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Article
Stent fracture, an incidental finding or a significant marker of clinical in-stent restenosis?
Catheterization and cardiovascular interventions : official journal of the Society for Cardiac Angiography & Interventions
  • Fareed Shaikh, Aurora Health Care
  • Rajesh Maddikunta, Aurora Health Care
  • Mohamed Djelmami-Hani, Aurora Health Care
  • Joaquin Solis, Aurora Health Care
  • Suhail Allaqaband, Aurora Sinai/Aurora St. Luke's Medical Centers, Aurora Health Care
  • Tanvir Bajwa, Aurora Cardiovascular Services, Aurora Sinai/Aurora St. Luke’s Medical Centers, University of Wisconsin School of Medicine and Public Health
Aurora Affiliations
Cardiovascular Disease Section, Aurora Sinai/Aurora St. Luke’s Medical Centers
Publication Date
4-1-2008
Abstract
BACKGROUND: The predictors and clinical significance for stent fracture (SF) in drug-eluting stents (DES) remain unknown. We identified procedural factors leading to SF and its clinical consequences in DES. METHODS: Percutaneous coronary interventions were performed on 3,920 patients with DES over 12 months. In-stent restenosis (ISR) of DES was observed in 188 cases with 121 cases (64.4%) receiving a sirolimus-eluting stent (SES) and 67 (35.6%) a paclitaxol-eluting stent (PES). RESULTS: SF was identified in 35 (18.6%) of the 188 cases. The 35 cases were then compared with 153 cases of ISR without angiographic evidence of SF. SF was identified in 29 (23.9%) SES compared with 6 (9.0%) in PES (P < 0.05). With univariate analysis, additional factors associated with SF included longer mean stented segment length, male gender, overlapping stents, vessel segment angulation >75 degrees , and more stents (all P < 0.05). With multivariate adjustment, three factors, i.e., stenting on a bend >75 degrees (OR = 13.8, 95%CI 3.7 to 51; P < 0.001), SES (OR = 4.1, 95%CI 1.3 to 13.4; P < 0.018) and overlapping stented segments (OR = 3.9, 95%CI 1.1 to 14.1; P < 0.041) were statistically significant independent predictors of SF while larger stent diameter was protective (OR = 0.14, 95%CI 0.04 to 0.70; P < 0.017). CONCLUSION: SF proved to be associated with angiographically-documented clinical ISR. Although the exact mechanism is unknown, factors that appear to play a negative role in SF include vessel tortuosity, use of SES and overlapping stents. Larger stent diameter was protective. Further studies are needed to better define the factors important in the mechanism of SF.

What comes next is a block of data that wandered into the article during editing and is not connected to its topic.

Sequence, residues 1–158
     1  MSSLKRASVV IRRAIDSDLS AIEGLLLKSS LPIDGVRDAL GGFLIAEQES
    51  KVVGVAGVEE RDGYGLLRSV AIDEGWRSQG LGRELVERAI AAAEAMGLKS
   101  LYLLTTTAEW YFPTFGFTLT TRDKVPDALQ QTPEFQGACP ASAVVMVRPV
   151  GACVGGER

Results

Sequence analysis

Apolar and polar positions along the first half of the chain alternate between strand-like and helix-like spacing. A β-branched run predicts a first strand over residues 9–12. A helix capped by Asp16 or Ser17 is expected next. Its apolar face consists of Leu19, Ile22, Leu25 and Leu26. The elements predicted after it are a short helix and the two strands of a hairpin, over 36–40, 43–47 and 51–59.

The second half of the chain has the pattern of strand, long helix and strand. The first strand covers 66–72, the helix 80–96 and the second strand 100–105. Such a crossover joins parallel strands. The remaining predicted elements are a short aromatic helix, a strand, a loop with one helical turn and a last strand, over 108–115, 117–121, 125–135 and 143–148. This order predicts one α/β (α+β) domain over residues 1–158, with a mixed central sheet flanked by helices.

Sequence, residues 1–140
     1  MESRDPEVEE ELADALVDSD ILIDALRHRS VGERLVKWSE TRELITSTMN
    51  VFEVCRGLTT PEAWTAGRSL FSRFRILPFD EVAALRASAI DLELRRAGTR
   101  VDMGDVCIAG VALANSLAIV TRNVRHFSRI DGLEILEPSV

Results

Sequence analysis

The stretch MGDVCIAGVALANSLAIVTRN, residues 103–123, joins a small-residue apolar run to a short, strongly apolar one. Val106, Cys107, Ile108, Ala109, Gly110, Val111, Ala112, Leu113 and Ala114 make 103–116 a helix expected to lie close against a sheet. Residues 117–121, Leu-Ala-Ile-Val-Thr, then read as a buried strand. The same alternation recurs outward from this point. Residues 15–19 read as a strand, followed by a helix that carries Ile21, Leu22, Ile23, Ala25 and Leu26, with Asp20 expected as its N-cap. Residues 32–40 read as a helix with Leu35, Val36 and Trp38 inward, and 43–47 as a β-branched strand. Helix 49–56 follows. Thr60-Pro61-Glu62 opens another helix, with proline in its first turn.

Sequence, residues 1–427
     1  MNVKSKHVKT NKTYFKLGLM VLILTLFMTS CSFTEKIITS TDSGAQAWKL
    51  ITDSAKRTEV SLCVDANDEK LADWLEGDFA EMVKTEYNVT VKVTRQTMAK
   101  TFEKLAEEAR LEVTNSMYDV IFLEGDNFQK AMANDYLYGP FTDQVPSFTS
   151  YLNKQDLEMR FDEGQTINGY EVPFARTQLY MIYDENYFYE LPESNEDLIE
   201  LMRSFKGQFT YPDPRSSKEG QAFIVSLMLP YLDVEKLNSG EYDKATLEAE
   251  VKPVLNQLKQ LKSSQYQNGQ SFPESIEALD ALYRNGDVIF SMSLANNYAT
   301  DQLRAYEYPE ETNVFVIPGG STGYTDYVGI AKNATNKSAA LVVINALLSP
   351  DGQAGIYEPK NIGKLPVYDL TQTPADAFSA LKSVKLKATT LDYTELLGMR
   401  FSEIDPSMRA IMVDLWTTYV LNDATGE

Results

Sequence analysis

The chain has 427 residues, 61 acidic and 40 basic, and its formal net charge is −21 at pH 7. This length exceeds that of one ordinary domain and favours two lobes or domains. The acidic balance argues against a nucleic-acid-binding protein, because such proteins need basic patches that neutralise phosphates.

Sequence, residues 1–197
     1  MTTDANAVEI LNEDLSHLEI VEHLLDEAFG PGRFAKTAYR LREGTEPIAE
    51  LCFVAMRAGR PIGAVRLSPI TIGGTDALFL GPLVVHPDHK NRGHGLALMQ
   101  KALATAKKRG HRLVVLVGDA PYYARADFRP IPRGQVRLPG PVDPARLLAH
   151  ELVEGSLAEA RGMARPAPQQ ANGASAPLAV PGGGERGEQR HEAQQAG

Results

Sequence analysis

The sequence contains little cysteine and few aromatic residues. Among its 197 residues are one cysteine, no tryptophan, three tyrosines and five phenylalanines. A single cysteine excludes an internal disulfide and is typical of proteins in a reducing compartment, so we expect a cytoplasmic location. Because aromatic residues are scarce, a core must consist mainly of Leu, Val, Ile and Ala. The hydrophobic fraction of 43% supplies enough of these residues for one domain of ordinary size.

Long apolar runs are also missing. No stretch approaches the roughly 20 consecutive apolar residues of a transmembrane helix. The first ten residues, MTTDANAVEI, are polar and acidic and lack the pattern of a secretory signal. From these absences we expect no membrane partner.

Document Type
Article
PubMed ID
18360853
DOI
10.1002/ccd.21371
Citation Information
Shaikh F, Maddikunta R, Djelmami-Hani M, et al. Stent fracture, an incidental finding or a significant marker of clinical in-stent restenosis? Catheter Cardiovasc Interv. 2008 Apr 1;71(5):614-8.